The first page of Joshua Williamson and Jorge Coelho’s “The Haunted Mansion” #1 introduces the legend of the haunted mansion, while the second page introduces Danny, who will end up going inside the mansion despite what he’s heard. It reads like the beginning of a children’s book. Although the dispatching of the grandfather is no surprise, the unexpected humor works.
Danny’s one-sided conversation at his grandfather’s graveside has the rhythms of someone confiding in a dear friend. In many ways, Danny is the stereotypical young hero: brave, caring, ready for action. This graveside scene and Danny’s feelings about his family aren’t anything new, but Williamson’s dialogue and Coehlo’s art are emotionally convincing, and thus get the reader invested in the hero.
The art makes everything look like it’s been carved out of wood. Coelho has a strong, very expressive style. Though his faces and figures lack elasticity or suppleness, his body language and facial expressions are eloquent. Danny’s big grin and relaxed posture when he talks with grandfather speak volumes without Williamson needing to put anything into words.
Coelho’s cross-hatching shading technique creates very strong three-dimensional space. The level of detail is exquisite in most panels, but he can also pull off a minimalist silhouette, like when a crow flies past. There’s a lot of line variation, too, from delicate web-like filaments for the texture of dirt roads to thicker, woodcut-like lines that form the underside of a wave of snow crashing down a mountain. Early in the story, Coelho sets the mood and primes the reader emotionally for the hero’s journey and ordeals. A thick mop of vibrant foliage seems to shelter Danny when the reader first sees him alone, but — as he walks home — the landscape grows colder and more threatening. It’s melodramatic but effective.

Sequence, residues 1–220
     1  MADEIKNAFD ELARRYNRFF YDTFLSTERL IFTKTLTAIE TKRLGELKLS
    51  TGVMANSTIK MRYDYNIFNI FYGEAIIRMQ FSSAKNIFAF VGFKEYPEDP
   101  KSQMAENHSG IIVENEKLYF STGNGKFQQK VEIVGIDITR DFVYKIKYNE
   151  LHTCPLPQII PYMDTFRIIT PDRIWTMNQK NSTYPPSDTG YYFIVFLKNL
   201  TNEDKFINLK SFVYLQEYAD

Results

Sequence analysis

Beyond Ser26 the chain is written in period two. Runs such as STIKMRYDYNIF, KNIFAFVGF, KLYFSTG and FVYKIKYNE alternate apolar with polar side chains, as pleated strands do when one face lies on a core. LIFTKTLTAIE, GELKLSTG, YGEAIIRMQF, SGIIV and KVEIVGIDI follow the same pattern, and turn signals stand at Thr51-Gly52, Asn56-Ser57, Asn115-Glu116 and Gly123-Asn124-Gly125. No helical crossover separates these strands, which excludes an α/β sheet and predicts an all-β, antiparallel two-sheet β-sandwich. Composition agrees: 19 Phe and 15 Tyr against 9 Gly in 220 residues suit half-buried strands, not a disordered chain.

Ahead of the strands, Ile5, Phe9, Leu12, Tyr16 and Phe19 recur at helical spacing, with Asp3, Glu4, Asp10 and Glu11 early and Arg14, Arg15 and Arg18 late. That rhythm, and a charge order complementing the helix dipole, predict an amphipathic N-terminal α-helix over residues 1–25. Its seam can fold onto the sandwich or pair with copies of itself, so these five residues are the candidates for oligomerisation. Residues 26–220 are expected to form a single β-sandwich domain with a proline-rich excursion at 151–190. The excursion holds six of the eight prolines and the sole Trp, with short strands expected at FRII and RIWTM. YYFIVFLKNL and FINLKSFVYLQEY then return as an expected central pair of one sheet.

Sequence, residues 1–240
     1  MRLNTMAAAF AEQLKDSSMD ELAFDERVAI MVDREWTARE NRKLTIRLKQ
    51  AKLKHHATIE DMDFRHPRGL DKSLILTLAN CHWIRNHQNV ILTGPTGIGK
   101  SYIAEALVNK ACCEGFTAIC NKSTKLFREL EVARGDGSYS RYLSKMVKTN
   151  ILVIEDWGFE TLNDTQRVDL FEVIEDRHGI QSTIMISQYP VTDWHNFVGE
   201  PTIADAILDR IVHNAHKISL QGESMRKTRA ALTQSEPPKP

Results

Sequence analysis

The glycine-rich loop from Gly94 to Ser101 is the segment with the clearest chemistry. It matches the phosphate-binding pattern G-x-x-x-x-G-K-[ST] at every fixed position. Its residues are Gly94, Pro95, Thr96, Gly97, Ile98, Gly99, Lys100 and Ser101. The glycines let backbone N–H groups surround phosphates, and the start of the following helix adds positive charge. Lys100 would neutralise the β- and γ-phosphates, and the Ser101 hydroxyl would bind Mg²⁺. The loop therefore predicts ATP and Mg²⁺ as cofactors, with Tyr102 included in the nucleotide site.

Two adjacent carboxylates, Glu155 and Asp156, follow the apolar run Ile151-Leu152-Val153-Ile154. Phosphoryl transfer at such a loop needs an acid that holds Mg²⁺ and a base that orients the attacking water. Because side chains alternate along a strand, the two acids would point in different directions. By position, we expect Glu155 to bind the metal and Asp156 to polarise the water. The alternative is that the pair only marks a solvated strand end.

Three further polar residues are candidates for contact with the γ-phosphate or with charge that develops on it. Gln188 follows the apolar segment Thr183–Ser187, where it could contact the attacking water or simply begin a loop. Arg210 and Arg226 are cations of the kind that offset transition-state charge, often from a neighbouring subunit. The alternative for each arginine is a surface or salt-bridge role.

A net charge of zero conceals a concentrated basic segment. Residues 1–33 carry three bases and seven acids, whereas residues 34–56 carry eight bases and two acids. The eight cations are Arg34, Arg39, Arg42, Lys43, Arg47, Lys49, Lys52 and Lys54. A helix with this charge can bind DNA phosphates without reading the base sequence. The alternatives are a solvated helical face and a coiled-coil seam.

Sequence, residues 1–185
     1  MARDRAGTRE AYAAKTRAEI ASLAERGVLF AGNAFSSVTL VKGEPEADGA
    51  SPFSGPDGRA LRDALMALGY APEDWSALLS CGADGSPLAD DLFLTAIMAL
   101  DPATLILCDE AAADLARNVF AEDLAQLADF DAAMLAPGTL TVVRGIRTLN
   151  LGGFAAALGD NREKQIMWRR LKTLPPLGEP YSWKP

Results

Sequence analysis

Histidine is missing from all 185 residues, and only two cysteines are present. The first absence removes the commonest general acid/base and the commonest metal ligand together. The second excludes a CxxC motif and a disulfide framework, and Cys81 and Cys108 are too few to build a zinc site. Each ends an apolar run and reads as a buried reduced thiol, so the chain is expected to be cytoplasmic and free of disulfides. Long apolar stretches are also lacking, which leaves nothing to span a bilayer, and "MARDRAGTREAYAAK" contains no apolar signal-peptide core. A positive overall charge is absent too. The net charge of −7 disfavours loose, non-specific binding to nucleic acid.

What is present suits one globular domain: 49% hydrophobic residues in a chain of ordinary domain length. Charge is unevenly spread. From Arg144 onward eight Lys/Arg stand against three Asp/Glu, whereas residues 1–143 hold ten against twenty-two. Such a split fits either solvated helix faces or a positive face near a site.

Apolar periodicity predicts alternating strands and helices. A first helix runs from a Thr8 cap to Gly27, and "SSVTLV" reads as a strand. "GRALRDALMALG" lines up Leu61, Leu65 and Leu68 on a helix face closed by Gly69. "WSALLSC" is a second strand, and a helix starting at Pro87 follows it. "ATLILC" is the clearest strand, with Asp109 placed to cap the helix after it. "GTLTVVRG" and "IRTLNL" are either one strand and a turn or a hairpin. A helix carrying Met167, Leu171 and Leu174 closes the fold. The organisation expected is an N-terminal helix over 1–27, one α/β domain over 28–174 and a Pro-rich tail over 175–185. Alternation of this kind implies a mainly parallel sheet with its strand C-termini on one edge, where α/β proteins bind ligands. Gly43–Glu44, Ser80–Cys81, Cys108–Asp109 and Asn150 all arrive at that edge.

Beaulieu’s colors are gorgeous for the outdoor scenes. His skies are especially attractive. He’s daring enough to juxtapose hues like powder pink and slate blue in a panel that contains the first glimpse of the Haunted Mansion. His cold blues and purples make the interior of Danny’s home feel appropriately melancholy and claustrophobic. Beaulieu’s work complements the tension and mood of Coelho’s linework. Together, their landscapes and interiors are powerful enough to contain paradoxes of fragility and power, cruelty and beauty.
Unfortunately, once Danny is inside the Haunted Mansion, Williamson opens the faucets wide and floods the environment with threats in such rapid succession that the suspense flags. Danny encounters all the denizens of the Haunted Mansion, all popping out like a line of jack-in-the-boxes. By the time he reaches Leota’s chamber, all the apprehension and realism established in first half of the comic has died. This whole sequence ties the comic closely to the Disney theme park ride, but encountering special effects in a comic is only a few notches more exciting than reading a tour guide.
Madame Leota’s big speech is a massive information dump. The dialogue is weak here, full of hackneyed phrases like “you’re our only hope.” Williamson also borrows lines from Leota’s incantation in Disney’s Haunted Mansion; this adds authenticity, but unfortunately the kitschy pleasures of the theme park don’t transplant well to the story. Rhyming words like “Halloween” and “tambourine” just sound silly here. The curtailing of Leota’s powers is too convenient and hard to believe, and her directives to Danny are full of stale tropes. Williamson does manage to at least establish the dimensions of Danny’s mission, but all the mood and atmosphere generated by the first half of the comic is lost.
The second half of “The Haunted Mansion” #1 falls flat with too much wordy exposition and rushed pacing. Unfortunately, the tie-in elements are the weakest part of the storytelling. The story is all-ages appropriate, but doesn’t add anything substantial or new to the media property yet.